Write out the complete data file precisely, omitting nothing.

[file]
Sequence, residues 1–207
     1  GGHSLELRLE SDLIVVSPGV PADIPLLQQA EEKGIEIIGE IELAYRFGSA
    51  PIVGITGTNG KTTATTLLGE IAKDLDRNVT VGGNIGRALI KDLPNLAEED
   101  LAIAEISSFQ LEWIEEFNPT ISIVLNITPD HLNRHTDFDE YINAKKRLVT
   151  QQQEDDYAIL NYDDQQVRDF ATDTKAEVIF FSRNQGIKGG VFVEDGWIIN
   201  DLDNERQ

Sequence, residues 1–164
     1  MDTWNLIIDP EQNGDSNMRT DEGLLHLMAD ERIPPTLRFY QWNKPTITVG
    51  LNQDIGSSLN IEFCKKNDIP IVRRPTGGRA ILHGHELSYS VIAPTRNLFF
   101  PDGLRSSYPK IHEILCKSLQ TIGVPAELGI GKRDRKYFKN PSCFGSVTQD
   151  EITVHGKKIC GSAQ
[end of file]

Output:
Sequence, residues 1–207
     1  GGHSLELRLE SDLIVVSPGV PADIPLLQQA EEKGIEIIGE IELAYRFGSA
    51  PIVGITGTNG KTTATTLLGE IAKDLDRNVT VGGNIGRALI KDLPNLAEED
   101  LAIAEISSFQ LEWIEEFNPT ISIVLNITPD HLNRHTDFDE YINAKKRLVT
   151  QQQEDDYAIL NYDDQQVRDF ATDTKAEVIF FSRNQGIKGG VFVEDGWIIN
   201  DLDNERQ

Sequence, residues 1–164
     1  MDTWNLIIDP EQNGDSNMRT DEGLLHLMAD ERIPPTLRFY QWNKPTITVG
    51  LNQDIGSSLN IEFCKKNDIP IVRRPTGGRA ILHGHELSYS VIAPTRNLFF
   101  PDGLRSSYPK IHEILCKSLQ TIGVPAELGI GKRDRKYFKN PSCFGSVTQD
   151  EITVHGKKIC GSAQ